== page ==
The American Divide: VA Is the Latest Example

Written by Paul Hair on June 1, 2014

Eric Shinseki has resigned and the attention surrounding the problems with the VA will only increase but the bigger picture of the scandal is that it is the latest example of the American divide.

Michelle Malkin wrote on how the U.S. treats illegal alien invaders better than its veterans. And J.D. Gordon wrote on how the U.S. even treats terrorists better than its veterans. Those facts make the mistreatment of veterans at the VA even worse. But they also demonstrate how there is a massive divide between Americans who have polar opposite beliefs on fundamental matters.

There has been no shortage of American defenders of Islamic terrorists since September 11, 2001. And their support has been so great that they have seen to it that terrorists never were treated like the VA has long treated veterans. So because a massive segment of Americans shows more concern with the welfare of terrorists than American troops, terrorists at Guantanamo Bay have lived like kings while American veterans have died at the hands of the VA.

And that is just one example of how a significant portion of the population seems to side more with enemies of the U.S. than law-abiding Americans. Another example is Michael Hirsh. Hirsh has written approvingly of how the Obama regime has embraced a strategy of “legitimate Islamism”—putting Islamic extremists into power across the globe as a matter of policy. Meanwhile, Hirsh also thinks that Benghazi is a “pseudo-scandal” (“The Benghazi-Industrial Complex”) and the only way he can comprehend talking with those who aren’t extreme leftists is to think of how the left naturally relates to terrorists. (“We Negotiate With Terrorists, So Why Not With the GOP?”).

The divide emerges in other fundamental ways as well. The Patriot-News recently ran a press release for proposed legislation that would allow illegal aliens to get driving licenses in Pennsylvania. So not only does the government refuse to deport illegal alien invaders as it’s obligated to do, but it openly works with them, the media, and a sizable portion of Americans to reward them for their invasion. The same people also brand other Americans who oppose this invasion as “bigots” and “xenophobes.” Meanwhile a Marine who accidentally went into Mexico and wants to leave it isn’t allowed to do so—he’s imprisoned and the government seems to lack a sense of urgency in working to free him.

And while the government, media, and many Americans have declared Benghazi, the IRS targeting of law-abiding citizens, Fast and Furious, government-supported human trafficking, Obamacare, and other atrocities to be “non-stories,” they immediately condemn and act to punish those who use the name “Redskins,” those who support marriage, and those who dare to defend the Second Amendment.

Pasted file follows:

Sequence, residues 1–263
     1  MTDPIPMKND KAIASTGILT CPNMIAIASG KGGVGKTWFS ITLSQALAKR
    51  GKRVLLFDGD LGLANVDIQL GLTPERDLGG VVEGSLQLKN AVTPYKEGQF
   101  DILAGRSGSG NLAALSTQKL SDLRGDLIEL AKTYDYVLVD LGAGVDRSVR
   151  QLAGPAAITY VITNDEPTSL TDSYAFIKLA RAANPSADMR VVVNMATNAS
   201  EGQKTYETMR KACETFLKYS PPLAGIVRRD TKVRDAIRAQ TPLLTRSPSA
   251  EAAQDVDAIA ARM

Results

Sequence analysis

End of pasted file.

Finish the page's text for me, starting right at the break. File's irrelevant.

Others have noted the severe divisions in American society as well. David French wrote about it in late 2012 in, “Re: Abortion Politics 101:”

It took me a long time to realize the following truth: No matter how compassionate, charitable, winsome, and kind you are, if you oppose the sexual revolution you are the enemy. And in many ways, you’re not merely the political “enemy,” you’re also a reprehensible human being. Ann Coulter was on to something when she said on Red Eye that modern culture (and our president, apparently) can forgive Korean pop sensation Psy for rapping his hopes that American soldiers (and their families) die painful deaths, but had he rapped against gay marriage he would never be forgiven.

The divide on marriage is but a microcosm of the divide that exists through every other aspect of American life. Thus, the reason the VA could treat veterans so poorly for so long while the welfare of terrorists has been so thoroughly monitored is because so many people in America now openly side with the enemies of traditional America and against those who are loyal to it.

This divide no longer can be bridged. I’ve written before that there are people who insist that the fighting between Americans needs to stop—that we need to come together and find common ground. But, again, this is impossible since we no longer have any common ground. We now simply need to choose which side we’re on.

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Paul Hair
Paul Hair is an author and national security/intelligence expert. He writes fiction and nonfiction under his own name and as a ghostwriter. He provides his national security and intelligence insight as a freelance consultant. Connect with him at Contact him at if you are interested in his professional services.